Friday, February 12, 2016

Ex-Priest Is Arrested In 1960 Killing Of Texas Beauty Queen

She had a disarming combination of beauty and intelligence and, in her short life, amassed a collection of accomplishments and firsts: first Hispanic twirler at a majority-Anglo high school on the Texas-Mexico border, first in her family to go to college, homecoming queen and, in 1958, Miss All South Texas Sweetheart.

Irene Garza, 25, was working as a grade-school teacher when she was killed 56 years ago, asphyxiated, an autopsy revealed, and then dumped in an irrigation canal. She was last seen at Sacred Heart Church in McAllen, Tex., her hometown parish, where she had planned to go to confession ahead of Easter Sunday.

On Tuesday, Texas Rangers and McAllen police officers arrested the parish’s visiting priest at the time — now an octogenarian — who had been living quietly in a condominium complex here. His name is John Feit, and through the years, he has remained the sole suspect in Ms. Garza’s killing.

Mr. Feit, 83, shuffled with his walker along the linoleum floor at the Fourth Avenue Jail in Phoenix on Wednesday, anchored his stooped body behind a desk and addressed Commissioner Paula Williams of Maricopa County Superior Court, who was presiding over his initial court appearance on closed-circuit television.

“This whole thing makes no sense, because the crime in question took place in 1960,” Mr. Feit said, sounding hoarse and tired.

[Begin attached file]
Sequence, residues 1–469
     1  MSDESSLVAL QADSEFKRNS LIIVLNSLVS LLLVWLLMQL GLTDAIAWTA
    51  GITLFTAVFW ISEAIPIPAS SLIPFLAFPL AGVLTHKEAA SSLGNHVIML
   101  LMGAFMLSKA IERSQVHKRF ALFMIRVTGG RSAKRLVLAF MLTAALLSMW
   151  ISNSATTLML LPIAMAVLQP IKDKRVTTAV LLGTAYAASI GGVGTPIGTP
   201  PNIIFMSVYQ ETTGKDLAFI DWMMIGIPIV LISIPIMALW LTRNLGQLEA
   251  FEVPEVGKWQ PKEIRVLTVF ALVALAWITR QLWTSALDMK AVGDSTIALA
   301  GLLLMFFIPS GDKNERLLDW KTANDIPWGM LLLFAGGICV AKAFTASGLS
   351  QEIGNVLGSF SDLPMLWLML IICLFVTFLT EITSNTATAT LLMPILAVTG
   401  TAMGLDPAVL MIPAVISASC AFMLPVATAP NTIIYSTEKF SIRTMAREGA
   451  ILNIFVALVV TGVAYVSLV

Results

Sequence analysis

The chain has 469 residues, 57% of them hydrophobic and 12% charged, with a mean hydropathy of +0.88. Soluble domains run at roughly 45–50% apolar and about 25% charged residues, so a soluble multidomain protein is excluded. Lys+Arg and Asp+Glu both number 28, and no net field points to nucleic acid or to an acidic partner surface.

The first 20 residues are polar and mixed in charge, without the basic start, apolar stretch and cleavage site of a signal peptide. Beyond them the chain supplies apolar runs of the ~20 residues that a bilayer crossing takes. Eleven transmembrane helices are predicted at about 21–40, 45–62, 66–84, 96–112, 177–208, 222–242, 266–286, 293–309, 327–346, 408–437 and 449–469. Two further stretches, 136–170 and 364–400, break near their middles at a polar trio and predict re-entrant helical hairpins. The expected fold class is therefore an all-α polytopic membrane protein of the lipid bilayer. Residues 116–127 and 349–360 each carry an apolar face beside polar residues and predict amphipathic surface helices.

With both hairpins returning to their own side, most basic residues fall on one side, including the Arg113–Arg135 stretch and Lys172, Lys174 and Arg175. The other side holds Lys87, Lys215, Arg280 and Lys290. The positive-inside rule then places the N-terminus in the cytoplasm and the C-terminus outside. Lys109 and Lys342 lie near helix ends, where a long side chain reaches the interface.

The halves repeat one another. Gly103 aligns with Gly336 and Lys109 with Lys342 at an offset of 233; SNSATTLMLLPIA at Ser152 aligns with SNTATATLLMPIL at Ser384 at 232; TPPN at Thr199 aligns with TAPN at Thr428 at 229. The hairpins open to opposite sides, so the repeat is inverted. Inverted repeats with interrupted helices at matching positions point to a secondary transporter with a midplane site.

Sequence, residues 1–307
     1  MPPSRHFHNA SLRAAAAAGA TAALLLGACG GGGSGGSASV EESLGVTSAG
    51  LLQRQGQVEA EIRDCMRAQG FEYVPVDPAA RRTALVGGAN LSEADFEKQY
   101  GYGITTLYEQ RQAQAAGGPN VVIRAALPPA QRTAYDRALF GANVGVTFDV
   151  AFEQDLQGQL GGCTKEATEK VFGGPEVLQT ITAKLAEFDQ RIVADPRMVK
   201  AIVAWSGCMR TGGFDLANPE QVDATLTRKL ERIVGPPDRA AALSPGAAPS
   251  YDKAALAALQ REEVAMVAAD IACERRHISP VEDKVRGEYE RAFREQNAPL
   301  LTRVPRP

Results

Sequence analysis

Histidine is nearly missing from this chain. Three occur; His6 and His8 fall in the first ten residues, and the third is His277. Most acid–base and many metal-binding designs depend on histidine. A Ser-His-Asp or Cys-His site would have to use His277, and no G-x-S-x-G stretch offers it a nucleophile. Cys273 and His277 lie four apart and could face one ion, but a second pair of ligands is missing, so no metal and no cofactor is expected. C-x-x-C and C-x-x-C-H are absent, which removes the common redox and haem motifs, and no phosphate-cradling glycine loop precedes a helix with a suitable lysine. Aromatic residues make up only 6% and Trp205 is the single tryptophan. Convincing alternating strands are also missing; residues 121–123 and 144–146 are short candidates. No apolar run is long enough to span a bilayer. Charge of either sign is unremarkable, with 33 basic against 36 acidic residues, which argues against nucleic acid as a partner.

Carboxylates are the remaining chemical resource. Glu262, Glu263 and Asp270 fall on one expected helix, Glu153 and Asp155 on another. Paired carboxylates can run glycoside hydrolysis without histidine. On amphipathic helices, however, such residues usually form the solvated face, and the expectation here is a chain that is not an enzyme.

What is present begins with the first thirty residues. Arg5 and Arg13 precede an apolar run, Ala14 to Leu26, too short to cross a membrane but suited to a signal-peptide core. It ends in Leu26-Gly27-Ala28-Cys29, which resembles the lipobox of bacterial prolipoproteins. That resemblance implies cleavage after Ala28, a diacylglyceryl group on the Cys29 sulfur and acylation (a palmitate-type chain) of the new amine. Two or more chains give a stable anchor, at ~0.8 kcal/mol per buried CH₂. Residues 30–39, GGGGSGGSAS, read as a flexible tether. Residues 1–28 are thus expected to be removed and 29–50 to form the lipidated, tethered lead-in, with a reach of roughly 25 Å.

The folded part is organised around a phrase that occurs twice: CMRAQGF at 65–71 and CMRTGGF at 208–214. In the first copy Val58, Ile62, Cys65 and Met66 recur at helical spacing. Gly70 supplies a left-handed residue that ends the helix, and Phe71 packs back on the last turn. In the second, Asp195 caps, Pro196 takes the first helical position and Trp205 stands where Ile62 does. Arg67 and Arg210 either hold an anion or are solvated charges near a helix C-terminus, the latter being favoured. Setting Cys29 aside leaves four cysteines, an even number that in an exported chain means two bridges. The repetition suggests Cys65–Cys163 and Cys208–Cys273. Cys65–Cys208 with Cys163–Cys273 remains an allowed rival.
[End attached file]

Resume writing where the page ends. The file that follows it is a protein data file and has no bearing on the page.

“There’s no statute of limitations on that sort of crime,” the commissioner replied.

Mr. Feit’s arrest in what is perhaps the most memorable cold case in recent history in Hidalgo County came about through a mix of patience, persistence and political ambition. As suspicions against Mr. Feit mounted, the Roman Catholic Church moved him to a monastery in the tiny Missouri town of Ava, and from there to a home for troubled priests in tinier Jemez Springs, N.M.

Ms. Garza’s relatives never gave up, and the investigators in the case kept the pressure on — even as time passed, memories faded, and witnesses aged and died.

The crime became a big issue in the 2014 campaign for district attorney of Hidalgo County — at the southernmost tip of Texas, on the Mexican border — when the challenger, Ricardo Rodriguez Jr., pledged to re-evaluate the evidence. The incumbent, Rene Guerra, had presented the case to a grand jury 10 years earlier but failed to secure an indictment.

One of Ms. Garza’s cousins attended a rally for Mr. Rodriguez. Another, Lynda Y. de la ViƱa, wrote in an impassioned letter to the local newspaper: “We care about justice for Irene Garza. We care about violence against women. We care that those from the highest to the lowest stations in life receive the same equal dignity and attention that is merited by our legal system. I do not believe that Guerra cares.” Then, she asked for votes for Mr. Rodriguez.

Mr. Rodriguez won the election. “With all due respect to Irene Garza’s passing — and may she rest in peace — in no way did I use her to benefit my campaign,” he said in an interview. “The only thing I promised to people and to the family was that we were going to take a hard look at the case when I came into office, and that’s what I did.”